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Watch Your Step: World’s Most Dangerous Hiking Trails

Even though challenging, hiking could hardly be called dangerous. Yes, it can get physically demanding and exhausting, but it's not exactly a fight to stay alive. Unless you find yourself on the wrong trail.

We're bringing you some of the steepest, scariest, wildest hiking trails in the world. Just one wrong step could send you to your death in a split second.

Despite frequent accidents and fatalities, these trails continue to seduce curious hikers all over the world. One thing is for certain - you need to be a true daredevil to try your luck on these trails; and an experienced one at that.

 

1. The Kokoda Track, Papua New Guinea

The Kokoda Track, Papua New GuineaImage from: AustralianGeographic

The Kokoda Track earned its bad reputation after 2009 when 17 people died either hiking or on their way to the trailhead, after heart attacks and a plain crash. Since then, Australian and Papua New Guinean governments have joined forces to modernize the trail and make it a little safer for the adventurers who still swarm for a risky hike.

The trail's pristine wilderness that attracts hikers is also its greatest threat. Don't even think about coming unprepared to a demanding 11-day track through the rough terrain. Dare to give it a go, and you'll have to face extreme heat during the day and freezing cold nights, heavy rain and even malaria. In fact, 80 to 100 hikers have to be evacuated by helicopter every year due to treacherous weather conditions.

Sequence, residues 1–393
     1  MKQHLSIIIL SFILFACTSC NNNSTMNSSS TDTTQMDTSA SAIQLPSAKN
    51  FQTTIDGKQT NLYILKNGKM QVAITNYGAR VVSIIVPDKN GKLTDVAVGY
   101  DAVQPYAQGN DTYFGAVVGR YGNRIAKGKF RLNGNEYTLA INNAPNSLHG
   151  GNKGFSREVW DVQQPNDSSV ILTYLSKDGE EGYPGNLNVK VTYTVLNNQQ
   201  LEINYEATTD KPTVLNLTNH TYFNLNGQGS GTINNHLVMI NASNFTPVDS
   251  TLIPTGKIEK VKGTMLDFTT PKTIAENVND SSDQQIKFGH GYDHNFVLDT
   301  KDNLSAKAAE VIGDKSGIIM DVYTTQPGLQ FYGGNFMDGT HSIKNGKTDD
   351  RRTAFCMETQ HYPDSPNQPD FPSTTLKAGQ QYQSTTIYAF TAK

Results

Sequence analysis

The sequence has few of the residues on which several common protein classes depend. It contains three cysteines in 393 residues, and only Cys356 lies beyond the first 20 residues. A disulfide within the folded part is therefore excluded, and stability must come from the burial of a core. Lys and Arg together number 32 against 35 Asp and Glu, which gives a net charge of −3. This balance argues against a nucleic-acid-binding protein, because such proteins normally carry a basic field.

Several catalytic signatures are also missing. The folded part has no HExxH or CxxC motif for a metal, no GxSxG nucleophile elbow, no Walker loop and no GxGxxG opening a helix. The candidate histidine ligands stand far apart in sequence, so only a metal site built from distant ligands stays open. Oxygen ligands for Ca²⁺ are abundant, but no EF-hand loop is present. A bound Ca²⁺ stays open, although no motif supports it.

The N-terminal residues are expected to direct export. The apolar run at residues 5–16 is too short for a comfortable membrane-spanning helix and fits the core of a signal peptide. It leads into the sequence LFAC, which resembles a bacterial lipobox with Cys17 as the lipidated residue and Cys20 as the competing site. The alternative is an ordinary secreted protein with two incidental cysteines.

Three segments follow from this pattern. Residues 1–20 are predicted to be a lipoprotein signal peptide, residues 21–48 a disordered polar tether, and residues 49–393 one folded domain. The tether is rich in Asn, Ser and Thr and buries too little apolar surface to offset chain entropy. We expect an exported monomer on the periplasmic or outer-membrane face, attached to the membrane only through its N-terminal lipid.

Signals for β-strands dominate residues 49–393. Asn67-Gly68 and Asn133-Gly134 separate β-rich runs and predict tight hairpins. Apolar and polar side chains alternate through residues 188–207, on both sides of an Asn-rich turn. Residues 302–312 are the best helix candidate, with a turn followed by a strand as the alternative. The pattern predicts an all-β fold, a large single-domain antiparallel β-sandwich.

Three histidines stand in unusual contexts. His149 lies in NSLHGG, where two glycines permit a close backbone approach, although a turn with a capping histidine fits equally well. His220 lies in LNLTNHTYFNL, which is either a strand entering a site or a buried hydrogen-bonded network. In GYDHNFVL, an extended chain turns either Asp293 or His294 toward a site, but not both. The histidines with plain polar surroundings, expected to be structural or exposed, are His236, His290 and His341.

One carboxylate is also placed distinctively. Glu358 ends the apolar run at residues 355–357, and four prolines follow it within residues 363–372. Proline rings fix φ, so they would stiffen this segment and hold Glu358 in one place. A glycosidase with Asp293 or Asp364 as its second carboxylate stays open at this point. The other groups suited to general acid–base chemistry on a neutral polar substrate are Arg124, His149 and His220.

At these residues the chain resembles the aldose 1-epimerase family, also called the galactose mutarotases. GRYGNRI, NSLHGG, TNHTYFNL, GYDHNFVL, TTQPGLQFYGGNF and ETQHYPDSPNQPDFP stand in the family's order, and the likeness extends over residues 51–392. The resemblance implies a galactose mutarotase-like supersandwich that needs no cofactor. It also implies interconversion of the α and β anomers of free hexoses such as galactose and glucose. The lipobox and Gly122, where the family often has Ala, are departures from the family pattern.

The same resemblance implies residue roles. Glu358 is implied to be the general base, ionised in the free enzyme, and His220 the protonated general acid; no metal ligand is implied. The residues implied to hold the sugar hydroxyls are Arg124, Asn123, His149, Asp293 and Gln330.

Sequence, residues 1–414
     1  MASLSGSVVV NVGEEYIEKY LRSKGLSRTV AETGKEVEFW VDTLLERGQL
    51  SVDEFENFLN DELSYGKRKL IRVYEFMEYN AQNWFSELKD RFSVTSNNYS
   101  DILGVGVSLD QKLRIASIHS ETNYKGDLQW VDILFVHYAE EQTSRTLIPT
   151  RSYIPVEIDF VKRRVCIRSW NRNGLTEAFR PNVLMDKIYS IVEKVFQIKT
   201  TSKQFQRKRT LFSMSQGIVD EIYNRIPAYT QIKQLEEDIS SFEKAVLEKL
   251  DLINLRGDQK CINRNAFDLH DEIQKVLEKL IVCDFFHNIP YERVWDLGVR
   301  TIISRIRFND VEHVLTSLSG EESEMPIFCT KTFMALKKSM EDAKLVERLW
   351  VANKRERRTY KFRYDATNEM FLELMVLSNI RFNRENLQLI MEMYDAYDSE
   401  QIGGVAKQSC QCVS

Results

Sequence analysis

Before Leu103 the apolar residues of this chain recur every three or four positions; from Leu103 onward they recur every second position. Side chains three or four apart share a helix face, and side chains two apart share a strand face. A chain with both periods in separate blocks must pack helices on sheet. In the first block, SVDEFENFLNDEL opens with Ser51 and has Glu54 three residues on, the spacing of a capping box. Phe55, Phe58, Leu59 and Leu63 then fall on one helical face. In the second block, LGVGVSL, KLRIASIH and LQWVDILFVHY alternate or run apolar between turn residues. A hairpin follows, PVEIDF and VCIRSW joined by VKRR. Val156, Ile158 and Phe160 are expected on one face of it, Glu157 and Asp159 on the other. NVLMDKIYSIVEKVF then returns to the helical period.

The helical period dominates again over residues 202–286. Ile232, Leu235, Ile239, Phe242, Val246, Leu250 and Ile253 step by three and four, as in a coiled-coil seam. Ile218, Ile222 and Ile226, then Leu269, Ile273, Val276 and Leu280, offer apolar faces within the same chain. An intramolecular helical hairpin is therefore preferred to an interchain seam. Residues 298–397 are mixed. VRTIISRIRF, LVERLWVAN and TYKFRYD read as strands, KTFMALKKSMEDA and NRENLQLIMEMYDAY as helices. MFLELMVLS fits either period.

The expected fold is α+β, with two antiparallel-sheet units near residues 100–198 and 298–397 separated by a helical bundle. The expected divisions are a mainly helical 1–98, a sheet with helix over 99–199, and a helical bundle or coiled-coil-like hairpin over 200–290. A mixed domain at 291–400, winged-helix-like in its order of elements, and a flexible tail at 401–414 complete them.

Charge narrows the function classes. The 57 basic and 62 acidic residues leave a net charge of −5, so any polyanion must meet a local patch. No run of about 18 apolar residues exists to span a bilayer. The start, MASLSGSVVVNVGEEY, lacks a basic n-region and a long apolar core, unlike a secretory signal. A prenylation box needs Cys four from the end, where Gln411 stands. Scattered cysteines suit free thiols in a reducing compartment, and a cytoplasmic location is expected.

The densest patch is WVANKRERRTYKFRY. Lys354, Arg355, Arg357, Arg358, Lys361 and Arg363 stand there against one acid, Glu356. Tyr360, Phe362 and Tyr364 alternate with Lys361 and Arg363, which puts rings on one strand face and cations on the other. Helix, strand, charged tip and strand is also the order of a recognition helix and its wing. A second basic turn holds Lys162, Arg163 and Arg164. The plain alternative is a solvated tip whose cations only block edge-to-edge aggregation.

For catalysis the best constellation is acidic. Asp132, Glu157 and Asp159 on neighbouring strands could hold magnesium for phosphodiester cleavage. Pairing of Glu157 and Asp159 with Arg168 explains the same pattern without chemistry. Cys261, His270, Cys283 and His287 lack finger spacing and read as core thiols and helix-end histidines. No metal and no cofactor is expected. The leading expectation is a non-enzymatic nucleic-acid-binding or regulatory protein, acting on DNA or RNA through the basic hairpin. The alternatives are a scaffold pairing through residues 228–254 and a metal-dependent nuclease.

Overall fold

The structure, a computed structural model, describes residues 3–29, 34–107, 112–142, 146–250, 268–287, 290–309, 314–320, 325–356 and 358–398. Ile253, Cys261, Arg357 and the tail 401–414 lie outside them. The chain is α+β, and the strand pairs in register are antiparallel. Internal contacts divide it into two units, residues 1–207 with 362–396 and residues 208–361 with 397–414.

2. Mount Washington, New Hampshire

Mount Washington, New HampshireImage from: CNN

 

At a first glance, Mount Washington seems like an easy task even the inexperienced hikers could tackle. Underestimating the trail, many have embarked on a hike completely unprepared wearing only T-shirts and flip-flops and were never seen alive again. Around 150 people have died on Mount Washington - just a 1.9-kilometre tall hill with extremely deceptive weather.

The temperature on the trail can change from the fresh 15 degrees to the freezing 37 degrees in one day, with unforgiving wind gushes and snow. It's no wonder Mount Washington was dubbed the "Home of World's Worst Weather." Even the experienced hikers were blown of the ridges, swept away in avalanches or succumbed to hypothermia. In other words, there's no guarantee you'll finish the hike unscathed.